Words Of Wisdom From Women Business Leaders
The CMO.com team talks to brilliant and powerful women every day. In honor of International Women’s Day 2018, we looked through our archives and found some of the best advice women leaders have given our audience. Read on to get inspired and learn from the experts.
by Giselle Abramovich
Posted on 03-05-2018
The CMO.com team talks to brilliant and powerful women every day. In honor of International Women’s Day 2018, we looked through our archives and found some of the best advice and insights women leaders have shared with our audience. Read on to get inspired and learn from the experts.
Mitra Best, U.S. Innovation Leader, PWC
The more lenses through which we examine a problem, the more chances we have to discover a truly novel solution. Today, on International Women’s Day, it’s especially important to recognize, in particular, the perspective women can offer–and how much this perspective is still missing from the corporate innovation process. … We need their point of view–their lens on the world. How can we do our part in helping organizations be more successful by encouraging diversity at all levels and including women’s perspectives, in particular?
Jennifer Breithaupt, Global Consumer CMO, Citi
I think sometimes people wait and assume things will come to them. I think being proactive, owning your own career, and managing that career and your own brand is critically important.
Claire Cronin, CMO, Virgin Atlantic
When it comes to recruiting staff, we look for people who have the same desire as us to care for our customers. We recruit for attitude, and then we train for skill.
Kristina Duncan, Vice President, Global Marketing Communications, Mattel
I’ve always seen myself as someone who loves to be a great partner and loves to partner with great creatives and smart people. That sort of idea of the ultimate collaboration is when I’ve seen the most success and when I’ve had the most fun in my career.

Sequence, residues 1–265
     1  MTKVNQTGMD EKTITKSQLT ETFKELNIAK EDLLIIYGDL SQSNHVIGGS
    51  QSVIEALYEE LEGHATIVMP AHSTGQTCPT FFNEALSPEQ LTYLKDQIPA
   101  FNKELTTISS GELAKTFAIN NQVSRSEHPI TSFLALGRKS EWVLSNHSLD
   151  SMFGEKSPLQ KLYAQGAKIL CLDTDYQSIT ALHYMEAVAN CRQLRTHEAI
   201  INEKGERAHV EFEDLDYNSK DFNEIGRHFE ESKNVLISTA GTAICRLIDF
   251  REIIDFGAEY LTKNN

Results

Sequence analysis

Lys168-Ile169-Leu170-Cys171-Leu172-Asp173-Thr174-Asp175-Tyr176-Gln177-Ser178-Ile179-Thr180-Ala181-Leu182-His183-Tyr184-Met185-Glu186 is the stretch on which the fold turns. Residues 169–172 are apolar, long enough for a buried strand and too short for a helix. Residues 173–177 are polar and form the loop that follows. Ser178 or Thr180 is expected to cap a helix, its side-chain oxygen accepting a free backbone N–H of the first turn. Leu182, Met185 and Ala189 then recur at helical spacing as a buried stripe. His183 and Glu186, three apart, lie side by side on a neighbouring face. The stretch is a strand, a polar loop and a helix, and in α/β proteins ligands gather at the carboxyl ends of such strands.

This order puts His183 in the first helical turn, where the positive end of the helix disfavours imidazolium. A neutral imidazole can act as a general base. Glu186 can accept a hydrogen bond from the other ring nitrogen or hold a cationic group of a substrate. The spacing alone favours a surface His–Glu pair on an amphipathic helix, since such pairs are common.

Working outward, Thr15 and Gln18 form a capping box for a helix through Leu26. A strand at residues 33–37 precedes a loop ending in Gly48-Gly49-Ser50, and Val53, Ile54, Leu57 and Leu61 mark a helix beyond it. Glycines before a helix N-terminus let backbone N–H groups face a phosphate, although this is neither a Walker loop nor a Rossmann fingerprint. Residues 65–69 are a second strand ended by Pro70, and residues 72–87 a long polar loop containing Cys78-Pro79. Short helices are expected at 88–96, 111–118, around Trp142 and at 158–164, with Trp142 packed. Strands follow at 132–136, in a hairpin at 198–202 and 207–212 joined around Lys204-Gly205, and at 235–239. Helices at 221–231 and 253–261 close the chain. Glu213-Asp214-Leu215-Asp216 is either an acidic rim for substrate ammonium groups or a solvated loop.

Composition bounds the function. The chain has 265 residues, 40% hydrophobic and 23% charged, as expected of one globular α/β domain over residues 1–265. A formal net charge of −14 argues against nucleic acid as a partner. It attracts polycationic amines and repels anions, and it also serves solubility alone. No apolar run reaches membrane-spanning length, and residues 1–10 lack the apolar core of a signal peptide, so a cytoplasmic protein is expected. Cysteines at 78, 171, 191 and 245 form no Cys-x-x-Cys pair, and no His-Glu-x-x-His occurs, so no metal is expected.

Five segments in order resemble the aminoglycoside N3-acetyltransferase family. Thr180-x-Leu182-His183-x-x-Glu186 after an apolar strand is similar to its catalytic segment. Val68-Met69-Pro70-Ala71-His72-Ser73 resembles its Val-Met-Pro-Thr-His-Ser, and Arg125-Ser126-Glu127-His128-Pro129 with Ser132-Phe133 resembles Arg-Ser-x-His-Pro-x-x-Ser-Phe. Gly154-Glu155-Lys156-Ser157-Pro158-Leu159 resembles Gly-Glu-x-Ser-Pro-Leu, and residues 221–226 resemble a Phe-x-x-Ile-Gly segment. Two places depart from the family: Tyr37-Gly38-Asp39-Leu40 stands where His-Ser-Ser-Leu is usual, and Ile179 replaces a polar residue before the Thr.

Michelle Huff, CMO, Act-On Software
Ascending to CMO is a big deal in your career, but not big enough to lose your balance as a person. As dedicated as I am to my new job, I am more than my career. For me, my husband and two young children are important, and I try to make sure they know it and my actions show it. Work still stops for a few hours every night as I eat dinner and spend time with my family. (No phones allowed.)
Ann Lewnes, CMO, Adobe
Seize every opportunity that comes your way—even ones that may not seem very glamorous—and advocate for yourself. I was once at a women’s event where a young woman asked me how to deal with “demeaning requests, like planning the company holiday party.” I told her that I actually love to plan events. You can view requests as demeaning or as great opportunities to show your creativity, ability to get results, and willingness to take on a project outside of your daily scope. I have done a lot of things that people might find beneath them, and I have always done my best.
My second piece of advice is to advocate for yourself. When I was just starting out, a more senior male colleague of mine left the company and recommended me for his role. He generously told me his salary to ensure that I got what was due to me. I took the role and was not offered the higher salary, so I marched into my new boss’s office and asked for it. And I got it.
Tripti Lochan, CEO, VML Southeast Asia And India